Democratic Candidates for Senate Find Common Ground
December 07, 2011
by Jack Encarnacao
The Patriot Ledger
The Democratic candidates seeking to challenge U.S. Sen. Scott Brown tiptoed around criticisms of clear frontrunner Elizabeth Warren during a forum Tuesday, riffing on common themes including income inequality.
Asked about her pronounced fundraising advantage over her four opponents, Warren, a consumer advocate with a national profile, said money has little bearing on the prospects against Brown in next year's election.
"I think the odds are good that, no matter who is the ultimate nominee by the Democrats, we're likely to get outspent," Warren said. "And all I can say is I might get outspent, but I won't get outworked."
The remark came toward the end of a nearly 90-minute discussion before about 400 people at Stonehill College.
The forum was sponsored by The Joseph A Martin Institute, Wickedlocal.com and WCVB.
Also participating were state Rep. Tom Conroy of Wayland; Marisa DeFranco, a Middleton resident with an immigration law practice in Salem; Dover resident Jim King, president and cofounder of Boston law firm Murphy and King; and Newton software engineer Herb Robinson.
The candidates hardly disagreed on anything, and drew few distinctions among each other. Warren raised her eyebrows and shook her head when King said he'd hired more people than anybody on the stage.
All five said that Brown, facing re-election for the first time, has done nothing of consequence to address the country's economic malaise.
"I've been a part-time candidate for three months and I've done more than he has," Robinson said.
Wall Street business practices was a consistent rallying cry, and all five candidates were unified in their message
"This isn't a question of economics, this is a question of values," Warren said. "I think the real question is who's side do you stand on? Do you stand with families or do you stand with Wall Street?"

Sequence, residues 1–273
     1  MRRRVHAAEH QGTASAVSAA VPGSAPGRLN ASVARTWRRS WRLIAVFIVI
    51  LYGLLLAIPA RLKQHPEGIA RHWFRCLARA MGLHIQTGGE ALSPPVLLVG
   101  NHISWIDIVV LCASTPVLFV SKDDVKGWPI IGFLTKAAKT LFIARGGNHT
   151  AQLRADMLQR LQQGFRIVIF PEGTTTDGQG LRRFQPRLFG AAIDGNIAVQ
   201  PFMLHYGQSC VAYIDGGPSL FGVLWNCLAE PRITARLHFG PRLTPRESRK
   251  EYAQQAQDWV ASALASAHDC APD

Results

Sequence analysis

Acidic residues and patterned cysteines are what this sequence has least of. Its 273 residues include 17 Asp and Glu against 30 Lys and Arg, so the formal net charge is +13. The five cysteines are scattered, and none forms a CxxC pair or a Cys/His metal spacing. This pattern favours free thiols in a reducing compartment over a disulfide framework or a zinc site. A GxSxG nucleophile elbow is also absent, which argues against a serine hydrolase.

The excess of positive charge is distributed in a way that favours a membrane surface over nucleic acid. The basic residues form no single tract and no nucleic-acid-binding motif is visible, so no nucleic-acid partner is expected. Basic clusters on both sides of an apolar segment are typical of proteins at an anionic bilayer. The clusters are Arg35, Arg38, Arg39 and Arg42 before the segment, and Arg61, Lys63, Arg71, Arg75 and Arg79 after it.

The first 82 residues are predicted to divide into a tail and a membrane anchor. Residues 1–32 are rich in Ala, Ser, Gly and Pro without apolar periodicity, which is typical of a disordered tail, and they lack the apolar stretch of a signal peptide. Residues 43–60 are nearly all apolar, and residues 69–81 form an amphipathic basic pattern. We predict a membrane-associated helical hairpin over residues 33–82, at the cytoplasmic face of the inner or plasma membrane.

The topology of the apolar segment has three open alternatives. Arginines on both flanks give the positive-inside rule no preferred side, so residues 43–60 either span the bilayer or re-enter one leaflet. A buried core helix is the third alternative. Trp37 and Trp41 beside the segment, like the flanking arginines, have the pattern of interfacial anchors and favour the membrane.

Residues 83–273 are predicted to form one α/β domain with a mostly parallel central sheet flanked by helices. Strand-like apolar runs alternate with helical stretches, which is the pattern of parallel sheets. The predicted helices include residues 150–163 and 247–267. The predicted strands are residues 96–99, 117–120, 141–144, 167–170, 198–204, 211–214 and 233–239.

King, a former federal prosecutor, said there are cases to be made against people involved in securities trading. Conroy pointed to U.S. Attorneys in New York for not doing more to prosecute financial crimes, and promised to use the bully pulpit of the Senate to push for modest tax increases on the wealthy.
Robinson espoused a plan to link the tax rate on the wealthiest Americans with the unemployment rate. DeFranco said changes to the tax structure and federal investments in public and green jobs would raise the lot of the middle class.
"The public agrees with us on so many issues," DeFranco said of Democrats. "What Democrats do is they capitulate ... It's just a lack of political will, from top to bottom."
The candidates' posture on taxes was closely watched by the Brown campaign. After the forum, a representative from the Massachusetts Republican Party circulated a statement that said the field all "support raising taxes on job creators, more burdensome regulations, higher spending and bigger government."
The candidates largely spoke to national issues without much local flavor.
They were quizzed about local trivia, with Warren correctly guessing the highest point in the state (Mount Greylock) and its third most spoken language (Portuguese). All except King struggled to recall the two years in the last decade that the Red Sox won the World Series.
The candidates were also asked to grade President Obama's handling of the economy. Warren gave him a B, as did Robinson. King gave him a C and DeFranco a C-plus. Conroy gave Obama an A.
To watch the debate click here.
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